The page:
Besides the various shades and hues of green, foliage can be variegated with white, cream, gray, chartreuse, yellow, gold, red or pink. Such variegation can be stripes, blotches, spots, margins or lacy patterns. New spring growth of some variegated plants is blushed with pink or red. Plants with blue, gray, silvery, bronze or purplish foliage are mostly monochromatic, without variegation.

Just as most popular flowers became less efficient at their primary function of attracting pollinators, as they were bred and developed to be bigger and more colorful than they naturally were, most colorful foliage is not an an advantage to the plants that produce it. After all, foliage needs chlorophyl for photosynthesis. Variegated portions of leaves lack chlorophyl, so are much less efficient.

In fact, many variegated plants originated as mutant growths, known as ‘sports’, that appeared on unvariegated plants, and were cloned. Many try to revert back to green by producing their own unvariegated sports. These green sports grow faster with more chlorophyl, so can overwhelm variegated growth if not pruned out. Monochromatic blue or gray foliage is not mutant growth, but is instead a natural adaptation to extreme exposures, mostly at high elevations, so is not prone to reversion.

English holly, English ivy, euonymous, silverberry, New Zealand flax, mirror plant and various pittosporums are some of the more popular variegated plants. Purple leaf plum, purple smokebush and a few cultivars of Japanese maple are popular plants with purplish or bronze foliage. Blue spruce, American agave, Arizona cypress and various junipers have exquisite bluish or gray foliage.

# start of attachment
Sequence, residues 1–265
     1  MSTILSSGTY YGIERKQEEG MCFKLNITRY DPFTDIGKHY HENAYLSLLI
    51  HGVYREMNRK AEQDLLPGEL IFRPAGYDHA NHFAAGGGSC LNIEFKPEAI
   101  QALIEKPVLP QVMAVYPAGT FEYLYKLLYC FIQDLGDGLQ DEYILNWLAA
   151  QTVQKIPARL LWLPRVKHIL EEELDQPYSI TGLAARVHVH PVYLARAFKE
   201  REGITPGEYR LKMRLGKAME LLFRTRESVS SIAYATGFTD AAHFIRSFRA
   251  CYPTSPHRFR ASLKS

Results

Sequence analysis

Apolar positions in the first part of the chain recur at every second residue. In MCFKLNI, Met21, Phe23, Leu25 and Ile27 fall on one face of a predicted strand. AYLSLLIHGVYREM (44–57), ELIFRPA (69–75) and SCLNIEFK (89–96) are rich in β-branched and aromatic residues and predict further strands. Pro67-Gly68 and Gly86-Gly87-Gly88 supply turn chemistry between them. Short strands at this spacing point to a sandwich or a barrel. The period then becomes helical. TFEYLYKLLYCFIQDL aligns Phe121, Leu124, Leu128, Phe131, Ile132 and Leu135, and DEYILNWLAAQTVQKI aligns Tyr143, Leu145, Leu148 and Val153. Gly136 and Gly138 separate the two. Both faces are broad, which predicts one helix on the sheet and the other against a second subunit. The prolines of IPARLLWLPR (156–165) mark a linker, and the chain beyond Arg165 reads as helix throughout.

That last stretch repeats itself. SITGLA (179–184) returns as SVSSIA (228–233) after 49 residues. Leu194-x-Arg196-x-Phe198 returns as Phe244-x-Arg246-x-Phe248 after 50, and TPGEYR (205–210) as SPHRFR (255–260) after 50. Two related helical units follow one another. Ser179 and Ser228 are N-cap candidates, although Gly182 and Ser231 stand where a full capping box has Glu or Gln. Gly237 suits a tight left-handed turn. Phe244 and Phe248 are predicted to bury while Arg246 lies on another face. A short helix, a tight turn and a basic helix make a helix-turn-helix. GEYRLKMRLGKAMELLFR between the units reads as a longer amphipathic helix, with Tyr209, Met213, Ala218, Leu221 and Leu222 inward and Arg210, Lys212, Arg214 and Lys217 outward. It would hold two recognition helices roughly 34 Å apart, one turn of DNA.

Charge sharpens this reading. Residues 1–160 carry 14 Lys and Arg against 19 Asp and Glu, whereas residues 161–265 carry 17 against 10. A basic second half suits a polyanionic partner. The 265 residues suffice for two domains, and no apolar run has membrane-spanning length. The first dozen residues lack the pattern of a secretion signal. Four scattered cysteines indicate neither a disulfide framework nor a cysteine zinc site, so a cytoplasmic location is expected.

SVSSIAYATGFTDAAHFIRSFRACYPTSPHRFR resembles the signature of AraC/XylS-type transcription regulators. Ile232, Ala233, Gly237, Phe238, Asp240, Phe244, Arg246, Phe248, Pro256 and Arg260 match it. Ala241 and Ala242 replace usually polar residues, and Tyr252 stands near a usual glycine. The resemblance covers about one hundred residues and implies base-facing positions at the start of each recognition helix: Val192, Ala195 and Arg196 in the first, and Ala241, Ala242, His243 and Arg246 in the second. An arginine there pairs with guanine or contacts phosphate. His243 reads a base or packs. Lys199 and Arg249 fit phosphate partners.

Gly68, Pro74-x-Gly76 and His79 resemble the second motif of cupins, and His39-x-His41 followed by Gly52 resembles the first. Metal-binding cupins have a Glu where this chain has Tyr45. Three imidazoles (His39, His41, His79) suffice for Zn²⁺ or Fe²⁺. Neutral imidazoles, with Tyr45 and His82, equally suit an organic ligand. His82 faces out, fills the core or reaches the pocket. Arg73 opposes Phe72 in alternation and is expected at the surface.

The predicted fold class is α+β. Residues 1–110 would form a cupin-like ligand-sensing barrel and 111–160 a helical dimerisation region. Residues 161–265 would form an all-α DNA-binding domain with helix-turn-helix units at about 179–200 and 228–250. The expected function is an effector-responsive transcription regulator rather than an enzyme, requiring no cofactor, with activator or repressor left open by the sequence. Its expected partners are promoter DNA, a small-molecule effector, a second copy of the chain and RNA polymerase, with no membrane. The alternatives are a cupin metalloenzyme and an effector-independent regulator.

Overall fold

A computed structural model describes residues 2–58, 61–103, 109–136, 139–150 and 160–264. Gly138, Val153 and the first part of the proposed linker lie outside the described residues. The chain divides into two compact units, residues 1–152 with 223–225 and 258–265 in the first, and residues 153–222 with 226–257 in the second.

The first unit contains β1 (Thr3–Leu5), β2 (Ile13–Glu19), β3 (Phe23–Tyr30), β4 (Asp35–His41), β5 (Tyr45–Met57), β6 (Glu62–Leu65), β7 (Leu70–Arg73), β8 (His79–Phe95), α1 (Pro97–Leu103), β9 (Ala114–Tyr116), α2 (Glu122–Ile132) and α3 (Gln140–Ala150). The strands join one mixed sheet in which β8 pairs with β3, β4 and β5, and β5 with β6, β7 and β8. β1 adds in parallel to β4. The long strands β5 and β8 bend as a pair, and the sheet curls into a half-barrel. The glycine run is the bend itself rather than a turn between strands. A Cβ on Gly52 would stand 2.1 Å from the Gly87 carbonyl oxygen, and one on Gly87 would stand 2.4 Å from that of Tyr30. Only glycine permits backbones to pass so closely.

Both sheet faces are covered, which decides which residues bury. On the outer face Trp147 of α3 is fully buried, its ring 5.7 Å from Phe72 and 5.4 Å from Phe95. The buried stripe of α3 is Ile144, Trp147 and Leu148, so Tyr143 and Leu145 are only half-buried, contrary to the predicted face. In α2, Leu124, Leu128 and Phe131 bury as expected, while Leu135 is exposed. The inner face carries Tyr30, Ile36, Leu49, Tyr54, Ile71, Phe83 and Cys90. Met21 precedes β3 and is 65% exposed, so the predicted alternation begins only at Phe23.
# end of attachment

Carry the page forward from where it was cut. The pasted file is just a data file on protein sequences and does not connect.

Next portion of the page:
Fall Color Is More Foliar

71122As zinnias, petunias, cosmos and other warm season annuals fade in the cooling weather, we might add a few chrysanthemums or marigolds for color through autumn, or we might go straight for pansies, violas or other cool season annuals that will provide color through winter. In the locally mild climate, there is always potential for some sort of colorful bloom. Mild weather has advantages.

It also has a few disadvantages. It is what limits the variety of apples that can be grown here. It limits the potential for bulbs that will naturalize. It is why we do not even bother with maple sugaring. Although mild autumn weather promotes colorful bloom of cool season annuals, and allows some of the warm season annuals to bloom right into winter, It subdues the color of deciduous foliage.

Sweetgum, Chinese pistache, flowering pear and ginkgo are the most reliable trees for autumn foliar color here, even in the mildest of autumns. Sweetgum and Chinese pistache exhibit the most impressive range of vibrant colors. Flowering pear can be comparable, and often displays deep burgundy red as well. Ginkgo exhibits only bright yellow, but it is probably the best of bright yellow.